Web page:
Consumers willing to pay more for quality healthcare, survey finds

By Jeff Lagasse for Healthcare Finance

Quality can go a long way in determining if a consumer is willing to pay more for their healthcare, as indicated by new survey responses published by revenue cycle company AKASA.

Out of more than 2,000 respondents, the survey found that 57% would pay more for a higher quality of care. Out of all categories in the survey, care quality was the only area in which a majority said they would be willing to pay more.

Forty-seven percent said they would pay more for the ability to work with the care team of their choice. Forty-one percent said they would pay more for the ability to work with hospitals of their choice, while the same percentage said they’d pony up more cash for better location proximity or convenience.

Meanwhile, 40% said they would open up their wallets for the ability to get an appointment quickly.

Respondents were also asked, “Assuming quality is equivalent across all care options, how far would you travel to get the best price for medical care?”

Most Americans are willing to travel some for a reasonable price in healthcare, but will not go to extraordinary lengths to access the best price: 82% of Americans prefer to stay within 50 miles when seeking out care at the best price.

Fifty-one percent would travel 10 to 20 miles, and 31% would travel 21 to 50 miles. After that, there’s a steep drop-off. Just 2% would travel 101 to 200 miles. Interestingly, slightly more people, 3%, would travel 201 to 400 miles.


Amy Raymond, VP of revenue cycle operations at AKASA, said the findings can help healthcare leaders prioritize what to focus on when thinking about their bottom lines through the lens of what patients are willing to pay.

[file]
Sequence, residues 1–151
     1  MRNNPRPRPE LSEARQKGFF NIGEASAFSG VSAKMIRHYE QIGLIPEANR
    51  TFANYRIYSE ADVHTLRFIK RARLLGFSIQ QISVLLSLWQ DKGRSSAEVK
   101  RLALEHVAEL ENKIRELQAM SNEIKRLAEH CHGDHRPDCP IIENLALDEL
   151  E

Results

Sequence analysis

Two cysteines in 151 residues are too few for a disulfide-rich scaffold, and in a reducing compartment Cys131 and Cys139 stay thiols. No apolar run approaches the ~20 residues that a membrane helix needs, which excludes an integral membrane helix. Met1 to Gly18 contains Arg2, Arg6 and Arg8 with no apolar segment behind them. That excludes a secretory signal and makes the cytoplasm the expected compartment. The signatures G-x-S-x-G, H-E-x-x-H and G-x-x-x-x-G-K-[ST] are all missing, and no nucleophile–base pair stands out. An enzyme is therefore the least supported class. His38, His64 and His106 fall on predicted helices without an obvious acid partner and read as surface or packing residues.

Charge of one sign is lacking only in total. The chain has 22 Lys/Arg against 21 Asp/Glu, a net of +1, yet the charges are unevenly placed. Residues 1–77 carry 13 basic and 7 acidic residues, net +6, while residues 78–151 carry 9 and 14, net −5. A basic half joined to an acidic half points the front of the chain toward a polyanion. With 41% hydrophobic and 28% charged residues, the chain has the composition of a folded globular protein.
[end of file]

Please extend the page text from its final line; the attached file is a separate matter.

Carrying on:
“Investing in improving the financial experience for patients and transforming revenue cycle operations can go a long way in building goodwill with patients to complement the outstanding quality of care they are willing to pay for,” said Raymond. “By leveraging automation, overhauling workflows and deploying staff to concentrate on more challenging assignments that require a human touch, the revenue cycle can match the level of service provided on the clinical side and create loyalty among patients.”

The survey fielded responses from 2,026 Americans between March 9 and 14.


Uncertainty about costs is still a pervasive issue among consumers. Almost half the respondents to a May survey, 44%, say they have avoided getting healthcare services because they were unsure of the costs. The findings show a steep increase from just one year ago, when 25% of patients reported skipping care.

Separately, more than two-thirds of consumers in the 2020 Change Healthcare–Harris Poll Consumer Experience Index, a national survey of 1,945 consumers conducted by the Harris Poll and commissioned by Change Healthcare, said every step of the healthcare process is a chore. Most said they don’t know how much a treatment or visit costs until months later, and nearly all said they want shopping for healthcare to be as easy as shopping for other common services, and they want it to be a fully connected digital experience.

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